Friday, July 8, 2011

Great summer reading

After reviewing The Big Book of Adventure Stories, a collection of short stories mostly from the pulp era, Allan Massie recommends "five fine novels of adventure." Here are four of the five [I haven't read the fifth], and any of them would make good summer reading:
The Three Musketeers
By Alexandre Dumas (1844)
The king of Romancers: Everyone else follows in Dumas's train. My French translator, Jean Bourdier, thinks Twenty Years After—the sequel to The Three Musketeers—the greatest French novel. Stevenson's favorite was Le Vicomte de Bragelonne, which took the story still further. Nevertheless one ought to begin with the moment the young d'Artagnan sets out for Paris to make his fortune on a yellow pony that invites such mockery. Adventure is piled on adventure with speed, wit and panache, and the fearsome Cardinal Richelieu is the most intelligently drawn villain in fiction.

Treasure Island
By Robert Louis Stevenson (1883)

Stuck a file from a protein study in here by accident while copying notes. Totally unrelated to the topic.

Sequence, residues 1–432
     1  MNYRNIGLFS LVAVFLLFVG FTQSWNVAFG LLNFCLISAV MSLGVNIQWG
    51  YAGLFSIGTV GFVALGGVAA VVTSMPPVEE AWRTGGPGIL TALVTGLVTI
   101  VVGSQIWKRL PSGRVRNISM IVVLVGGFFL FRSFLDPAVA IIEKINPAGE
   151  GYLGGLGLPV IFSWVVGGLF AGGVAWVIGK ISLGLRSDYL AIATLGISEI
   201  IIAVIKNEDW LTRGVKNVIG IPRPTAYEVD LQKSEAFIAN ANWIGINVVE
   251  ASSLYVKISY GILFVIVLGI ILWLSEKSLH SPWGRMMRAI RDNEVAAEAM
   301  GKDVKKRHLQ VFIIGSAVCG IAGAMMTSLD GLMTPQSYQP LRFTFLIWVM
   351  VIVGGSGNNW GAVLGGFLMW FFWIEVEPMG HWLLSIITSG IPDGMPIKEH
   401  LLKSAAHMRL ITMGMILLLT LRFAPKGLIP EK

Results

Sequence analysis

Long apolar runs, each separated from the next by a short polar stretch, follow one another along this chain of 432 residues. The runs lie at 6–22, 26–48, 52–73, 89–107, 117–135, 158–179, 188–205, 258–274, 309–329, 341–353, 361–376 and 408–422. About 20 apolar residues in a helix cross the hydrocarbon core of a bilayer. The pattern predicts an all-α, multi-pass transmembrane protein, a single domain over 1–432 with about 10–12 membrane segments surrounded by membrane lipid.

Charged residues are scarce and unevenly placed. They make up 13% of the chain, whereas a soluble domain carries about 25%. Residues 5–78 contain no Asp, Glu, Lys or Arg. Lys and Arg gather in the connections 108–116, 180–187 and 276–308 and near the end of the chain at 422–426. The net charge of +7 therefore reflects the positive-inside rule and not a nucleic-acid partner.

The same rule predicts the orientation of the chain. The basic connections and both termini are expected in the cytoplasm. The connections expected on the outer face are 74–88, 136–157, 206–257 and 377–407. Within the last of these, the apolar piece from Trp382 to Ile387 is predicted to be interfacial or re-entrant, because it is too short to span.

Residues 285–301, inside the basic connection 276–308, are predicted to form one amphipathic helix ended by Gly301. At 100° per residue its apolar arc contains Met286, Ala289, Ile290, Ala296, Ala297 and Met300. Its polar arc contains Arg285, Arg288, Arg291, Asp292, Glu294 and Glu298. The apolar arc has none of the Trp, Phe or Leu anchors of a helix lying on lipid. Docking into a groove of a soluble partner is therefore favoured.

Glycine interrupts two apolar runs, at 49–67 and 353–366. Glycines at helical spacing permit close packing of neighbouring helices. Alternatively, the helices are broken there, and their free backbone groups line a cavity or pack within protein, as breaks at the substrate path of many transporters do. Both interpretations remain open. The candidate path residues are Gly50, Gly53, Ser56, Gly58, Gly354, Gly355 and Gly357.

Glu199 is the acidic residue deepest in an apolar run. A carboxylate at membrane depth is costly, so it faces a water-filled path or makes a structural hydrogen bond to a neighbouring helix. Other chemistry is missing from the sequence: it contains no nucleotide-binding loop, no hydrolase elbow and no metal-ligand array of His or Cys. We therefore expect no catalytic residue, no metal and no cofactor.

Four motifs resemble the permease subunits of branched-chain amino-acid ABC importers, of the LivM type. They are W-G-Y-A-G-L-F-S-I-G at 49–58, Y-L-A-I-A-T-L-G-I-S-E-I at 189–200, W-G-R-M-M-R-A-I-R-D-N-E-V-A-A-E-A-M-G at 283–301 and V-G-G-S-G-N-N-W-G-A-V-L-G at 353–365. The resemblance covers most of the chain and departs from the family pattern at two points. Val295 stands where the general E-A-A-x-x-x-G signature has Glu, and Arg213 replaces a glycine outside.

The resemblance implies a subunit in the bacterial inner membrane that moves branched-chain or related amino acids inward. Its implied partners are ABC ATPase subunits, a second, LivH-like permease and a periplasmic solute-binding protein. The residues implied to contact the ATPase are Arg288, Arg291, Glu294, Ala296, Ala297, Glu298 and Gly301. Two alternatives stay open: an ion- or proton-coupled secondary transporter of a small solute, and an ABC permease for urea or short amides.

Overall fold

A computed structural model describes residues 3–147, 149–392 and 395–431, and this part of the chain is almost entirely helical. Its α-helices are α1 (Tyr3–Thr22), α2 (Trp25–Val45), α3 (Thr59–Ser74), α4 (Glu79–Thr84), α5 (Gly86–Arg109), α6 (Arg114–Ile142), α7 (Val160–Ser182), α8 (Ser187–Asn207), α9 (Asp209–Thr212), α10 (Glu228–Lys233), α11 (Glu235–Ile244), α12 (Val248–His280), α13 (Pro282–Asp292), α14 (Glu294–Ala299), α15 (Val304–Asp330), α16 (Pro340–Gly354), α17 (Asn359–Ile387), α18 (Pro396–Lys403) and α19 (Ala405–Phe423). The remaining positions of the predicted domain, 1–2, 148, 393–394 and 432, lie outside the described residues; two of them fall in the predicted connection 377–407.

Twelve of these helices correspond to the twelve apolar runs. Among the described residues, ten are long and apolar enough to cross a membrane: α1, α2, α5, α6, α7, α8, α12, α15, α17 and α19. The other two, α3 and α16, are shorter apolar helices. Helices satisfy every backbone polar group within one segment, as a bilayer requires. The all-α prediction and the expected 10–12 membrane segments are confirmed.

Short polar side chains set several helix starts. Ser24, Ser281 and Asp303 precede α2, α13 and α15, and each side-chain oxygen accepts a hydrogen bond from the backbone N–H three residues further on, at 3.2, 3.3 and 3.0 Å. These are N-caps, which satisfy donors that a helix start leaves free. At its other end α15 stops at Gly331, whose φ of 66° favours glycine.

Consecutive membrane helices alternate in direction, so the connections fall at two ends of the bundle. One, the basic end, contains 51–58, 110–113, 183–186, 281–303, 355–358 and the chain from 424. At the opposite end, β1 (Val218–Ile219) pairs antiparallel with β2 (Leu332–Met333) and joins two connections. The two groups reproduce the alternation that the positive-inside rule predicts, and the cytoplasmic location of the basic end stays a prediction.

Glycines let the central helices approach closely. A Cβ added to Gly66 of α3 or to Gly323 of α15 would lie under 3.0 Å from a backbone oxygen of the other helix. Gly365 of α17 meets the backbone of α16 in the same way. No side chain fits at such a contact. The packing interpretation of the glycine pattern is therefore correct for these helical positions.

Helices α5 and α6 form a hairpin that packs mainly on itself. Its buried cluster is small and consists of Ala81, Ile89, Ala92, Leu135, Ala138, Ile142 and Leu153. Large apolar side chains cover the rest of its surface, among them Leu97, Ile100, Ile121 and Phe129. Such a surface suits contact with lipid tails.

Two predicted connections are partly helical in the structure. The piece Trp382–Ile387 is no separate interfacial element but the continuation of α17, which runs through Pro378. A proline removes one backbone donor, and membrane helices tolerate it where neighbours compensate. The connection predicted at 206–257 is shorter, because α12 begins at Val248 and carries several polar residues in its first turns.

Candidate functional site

Irresistible from the moment the drunken "old sea dog" Billy Bones takes up his abode in the Admiral Benbow. The horror of Blind Pew and the "black spot," a splendid, attractive villain in Long John Silver and a resourceful boy-hero—what more can you ask for? It was indeed written for a boys' magazine, but it is a story for all ages, and, once embarked, you won't be able to put it down.

By John Buchan (1916)
Disturbingly prescient with its warning of resurgent Islam, and the best of the Richard Hannay novels, Greenmantle is the story of four resourceful friends solving an intelligence riddle while traveling in disguise behind enemy lines during World War I. They save the day—and the empire. This rapid narrative is shameless in its use of coincidence, but also the most comforting of adventure novels. Read it by the fireside with whisky to hand.

By Dick Francis (1964)
The former steeplechase jockey became the finest English writer of adventure fiction of the last half-century. Nerve, his best novel, has a particularly engaging hero, a young steeplechase jockey from a family of virtuoso musicians. His career is threatened by a TV presenter pathologically jealous of jockeys. The horse-racing setting should not deter readers with no interest in the sport. Two of Francis's warmest admirers were Kingsley Amis and Philip Larkin, neither a frequenter of the racetrack.
Book Review: The Big Book of Adventure Stories -

No comments:

Post a Comment

Comments are moderated. I will gladly approve any comment that responds directly and politely to what has been posted.